High-frequency trading (HFT) is a practice carried out by
many banks and proprietary trading firms using sophisticated
computer programs to send gobs of orders into the market,
executing a small portion of them when opportunities arise to
capitalize on price imbalances, or to make markets. HFT makes up
more than half of all U.S. trading volume.
The trading methods and technology that make HFT possible are
all legal, and the stock exchanges HFT firms trade on are highly
regulated. But Lewis said these firms are using their speed
advantage to profit at the expense of other market participants
to the tune of tens of billions of dollars.
"They are able to identify your desire to buy shares in
Microsoft and buy them in front of you and sell them back to you
at a higher price," Lewis, whose book is available on Monday,
said on the television program "60 Minutes" on Sunday.
"This speed advantage that the faster traders have is
milliseconds, some of it is fractions of milliseconds," said
Lewis, whose books include "The Big Short" and "Moneyball."
Those milliseconds can be valuable, making it possible to send
around 10,000 orders in the blink of an eye.
Darting in and out of trades, HFT firms make just fractions of a
penny per trade, but the sheer speed and volume of their trading
activity allows those that are successful to make significant
Proponents of HFT argue that the presence of such firms makes it
easier for all market participants to find buyers and sellers
for their trades, and that the speed at which HFT firms can
detect and take advantage of pricing imbalances between
different markets and assets leads to smaller bid-ask spreads.
But Brad Katsuyama, former head trader in New York for the Royal
Bank of Canada and a major figure in Lewis's book, said he was
finding that when he would send a large stock order to the
market, it would only be partially filled, and then he would
have to pay a higher price for the rest of the order.
With the help of new hire Ronan Ryan, Katsuyama realized that
his orders traveled along fiber optic lines and hit the closest
exchange first, where high frequency traders would get a
glimpse, and then use their speed advantage to beat him to the
other 12 U.S. public exchanges and 45 private trading venues.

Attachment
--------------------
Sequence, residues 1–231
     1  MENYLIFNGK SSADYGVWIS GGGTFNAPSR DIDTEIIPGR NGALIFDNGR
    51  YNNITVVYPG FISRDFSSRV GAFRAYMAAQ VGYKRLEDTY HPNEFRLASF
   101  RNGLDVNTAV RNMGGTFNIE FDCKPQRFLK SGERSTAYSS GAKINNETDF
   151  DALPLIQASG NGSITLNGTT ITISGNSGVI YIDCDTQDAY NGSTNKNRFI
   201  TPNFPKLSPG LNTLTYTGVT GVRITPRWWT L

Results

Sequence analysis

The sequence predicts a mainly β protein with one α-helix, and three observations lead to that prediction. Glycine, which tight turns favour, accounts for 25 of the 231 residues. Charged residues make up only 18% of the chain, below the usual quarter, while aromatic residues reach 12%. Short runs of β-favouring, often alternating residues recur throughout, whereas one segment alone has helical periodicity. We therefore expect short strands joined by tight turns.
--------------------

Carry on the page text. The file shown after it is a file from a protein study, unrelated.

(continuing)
HFT algorithms could then buy the shares Katsuyama wanted, and
then sell them to him at a slightly higher price.
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Katsuyama and Ryan created a system in which RBC would send
its orders first to the exchange that was the furthest away, and
last to the exchange that was closest, with the goal of arriving
at all places nearly simultaneously, cutting out HFT.
"Essentially, our fill rates went to 100 percent. We couldn't
believe it when we actually figured it out," Katsuyama told "60
Katsuyama said he decided to start a new trading platform, called
IEX, for the Investors' Exchange, employing similar tactics to those
he used at RBC.
"It almost felt like a sense of obligation to say we found a problem
that is affecting millions and millions of people — people are
blindly losing money they didn't even know they were entitled to.
It's a hole in the bottom of the bucket," he said.
IEX has attracted the investment of David Einhorn, the billionaire
owner of hedge fund Greenlight Capital, and an endorsement from
Goldman Sachs. The investors in IEX are fund companies and
individuals, not banks.
"We are selling trust, we are selling transparency, and to think
that trust is actually a differentiator in a service business, is
actually a crazy thought, right?" said Katsuyama.
Earlier this month, New York state's Attorney General Eric
Schneiderman said he believes U.S. stock exchanges and other
platforms provide HFT firms with unfair advantages.
Exchanges allow trading firms to place computer servers inside the
exchange's data centers so that the firms can see the data as soon
as possible. The practice, called co-location, is regulated and
available to anyone who wants to pay for it.
Schneiderman has begun meeting with the U.S. exchanges, which
include IntercontinentalExchange Group's New York Stock Exchange,
Nasdaq OMX Group's main bourse, and four platforms run by BATS
Global Markets, on possible reforms, a source close to the situation
A ban on HFT is unlikely, as U.S. regulators would be loath to put
policies in place that could lead to a less liquid market, Robert
Greifeld, chief executive officer of Nasdaq, said on Thursday.
(Reporting by John McCrank; editing by Diane Craft)
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